The Unique Self is much more than a Myers-Briggs test with a spiritual overlay. It does not refer to any of these ornaments of the self—though it is immanent to the trials and tribulations of the ego, it utterly transcends the ego, remaining forever untouched by the appetites of identity. The Unique Self represents the deepest possible expression of consciousness, a subject that can never be made object, the union of ever-present consciousness and individual perspective at a radically fundamental level.

Imagine four people sitting in a room, each looking at each other. All four of these people are “fully” enlightened; that is, as enlightened as a person can be at this point in history. Gazing upon one another, they see the very same Oneness staring back at them, recognizing the effortless awareness behind each set of eyes. There is an immediate recognition of primordial consciousness, of the radical singularity of being—the singular to which there is no plural. In each other’s eyes, they see their own Original Face, echoes of ubiquity emanating from an unmentionable Source. They can all see the radical and universal sameness of reality, each understanding that there is only one single Witness behind every set of experiences. In each other’s eyes they see only themselves, recognizing the very same effortless awareness that looks out from behind their own.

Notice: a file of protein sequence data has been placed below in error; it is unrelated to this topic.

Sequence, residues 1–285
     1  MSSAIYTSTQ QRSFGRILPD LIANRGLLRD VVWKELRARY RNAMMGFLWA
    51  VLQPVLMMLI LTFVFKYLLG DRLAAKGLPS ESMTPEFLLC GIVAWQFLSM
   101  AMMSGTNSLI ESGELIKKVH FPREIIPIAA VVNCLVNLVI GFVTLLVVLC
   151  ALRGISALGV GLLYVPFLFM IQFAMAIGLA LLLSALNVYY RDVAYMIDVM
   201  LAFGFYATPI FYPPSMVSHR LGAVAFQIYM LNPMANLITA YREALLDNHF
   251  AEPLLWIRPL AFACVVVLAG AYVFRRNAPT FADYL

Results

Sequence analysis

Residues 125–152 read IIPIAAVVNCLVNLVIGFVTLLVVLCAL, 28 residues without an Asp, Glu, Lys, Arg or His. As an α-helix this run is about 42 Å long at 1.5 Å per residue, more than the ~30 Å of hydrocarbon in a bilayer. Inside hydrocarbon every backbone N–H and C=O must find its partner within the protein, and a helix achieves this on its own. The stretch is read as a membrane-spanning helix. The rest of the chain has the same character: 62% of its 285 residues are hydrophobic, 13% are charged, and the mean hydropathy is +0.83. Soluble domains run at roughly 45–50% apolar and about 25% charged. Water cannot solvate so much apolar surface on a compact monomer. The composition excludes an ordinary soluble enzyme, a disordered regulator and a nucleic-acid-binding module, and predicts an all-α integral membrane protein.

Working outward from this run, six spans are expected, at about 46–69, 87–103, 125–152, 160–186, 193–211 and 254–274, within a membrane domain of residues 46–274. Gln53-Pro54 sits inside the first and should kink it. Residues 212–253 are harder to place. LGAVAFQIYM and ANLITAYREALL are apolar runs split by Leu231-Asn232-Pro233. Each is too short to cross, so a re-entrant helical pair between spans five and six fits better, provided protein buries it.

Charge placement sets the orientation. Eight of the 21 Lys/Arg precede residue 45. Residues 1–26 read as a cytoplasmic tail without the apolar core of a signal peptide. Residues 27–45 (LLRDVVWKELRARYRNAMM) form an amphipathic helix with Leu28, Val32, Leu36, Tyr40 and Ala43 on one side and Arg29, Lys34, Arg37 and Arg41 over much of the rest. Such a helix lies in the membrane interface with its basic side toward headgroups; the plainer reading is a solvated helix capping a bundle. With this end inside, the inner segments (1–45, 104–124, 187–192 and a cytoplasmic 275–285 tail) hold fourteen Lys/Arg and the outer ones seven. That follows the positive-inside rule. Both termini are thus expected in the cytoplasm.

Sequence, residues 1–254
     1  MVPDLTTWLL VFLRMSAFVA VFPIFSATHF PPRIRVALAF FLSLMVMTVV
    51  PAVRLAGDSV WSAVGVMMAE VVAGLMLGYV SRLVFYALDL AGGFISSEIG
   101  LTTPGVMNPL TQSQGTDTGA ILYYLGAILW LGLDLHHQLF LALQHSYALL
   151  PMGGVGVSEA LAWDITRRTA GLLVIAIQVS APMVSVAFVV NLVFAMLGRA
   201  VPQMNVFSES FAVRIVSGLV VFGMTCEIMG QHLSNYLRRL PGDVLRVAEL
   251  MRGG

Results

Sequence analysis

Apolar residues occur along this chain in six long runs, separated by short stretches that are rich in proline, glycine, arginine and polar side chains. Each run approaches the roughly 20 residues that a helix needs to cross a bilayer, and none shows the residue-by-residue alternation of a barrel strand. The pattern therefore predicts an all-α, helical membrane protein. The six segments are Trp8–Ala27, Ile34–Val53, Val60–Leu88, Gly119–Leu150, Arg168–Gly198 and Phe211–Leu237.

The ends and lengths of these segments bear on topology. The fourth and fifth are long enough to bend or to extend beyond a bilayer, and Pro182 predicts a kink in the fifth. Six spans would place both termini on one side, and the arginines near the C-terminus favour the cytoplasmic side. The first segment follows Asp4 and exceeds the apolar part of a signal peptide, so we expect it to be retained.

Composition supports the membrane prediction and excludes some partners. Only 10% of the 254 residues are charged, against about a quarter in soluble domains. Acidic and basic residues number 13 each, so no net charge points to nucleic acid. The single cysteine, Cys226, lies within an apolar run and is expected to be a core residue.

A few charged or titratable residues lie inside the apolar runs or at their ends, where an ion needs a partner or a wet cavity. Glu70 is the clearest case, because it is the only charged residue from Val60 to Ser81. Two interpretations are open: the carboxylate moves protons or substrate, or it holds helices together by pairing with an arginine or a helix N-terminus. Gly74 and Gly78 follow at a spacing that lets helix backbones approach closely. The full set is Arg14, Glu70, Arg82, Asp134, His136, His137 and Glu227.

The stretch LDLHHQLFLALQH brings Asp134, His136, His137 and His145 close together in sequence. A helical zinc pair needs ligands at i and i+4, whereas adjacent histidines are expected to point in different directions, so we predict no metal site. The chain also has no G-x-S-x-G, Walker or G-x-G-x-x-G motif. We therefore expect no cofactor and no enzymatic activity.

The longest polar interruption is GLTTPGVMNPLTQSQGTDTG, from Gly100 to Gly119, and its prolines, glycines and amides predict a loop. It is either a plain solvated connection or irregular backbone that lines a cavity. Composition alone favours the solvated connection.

Now let’s imagine that these four enlightened masters are sitting in a circle, each looking at a globe that sits on a table between them. Although they all share the same direct apprehension of Oneness, they each retain a particular perspective of the globe, and therefore each see the world in a completely different way. There is something markedly unique about each of their experiences, from their physical orientation in time/space to their individual experience of the universal. Within each of them lies a fundamental thread of perspective, stretching all the way to the darkest depths of the Mystery—a bottomless drop of the Heart that is unique to each and every one of us.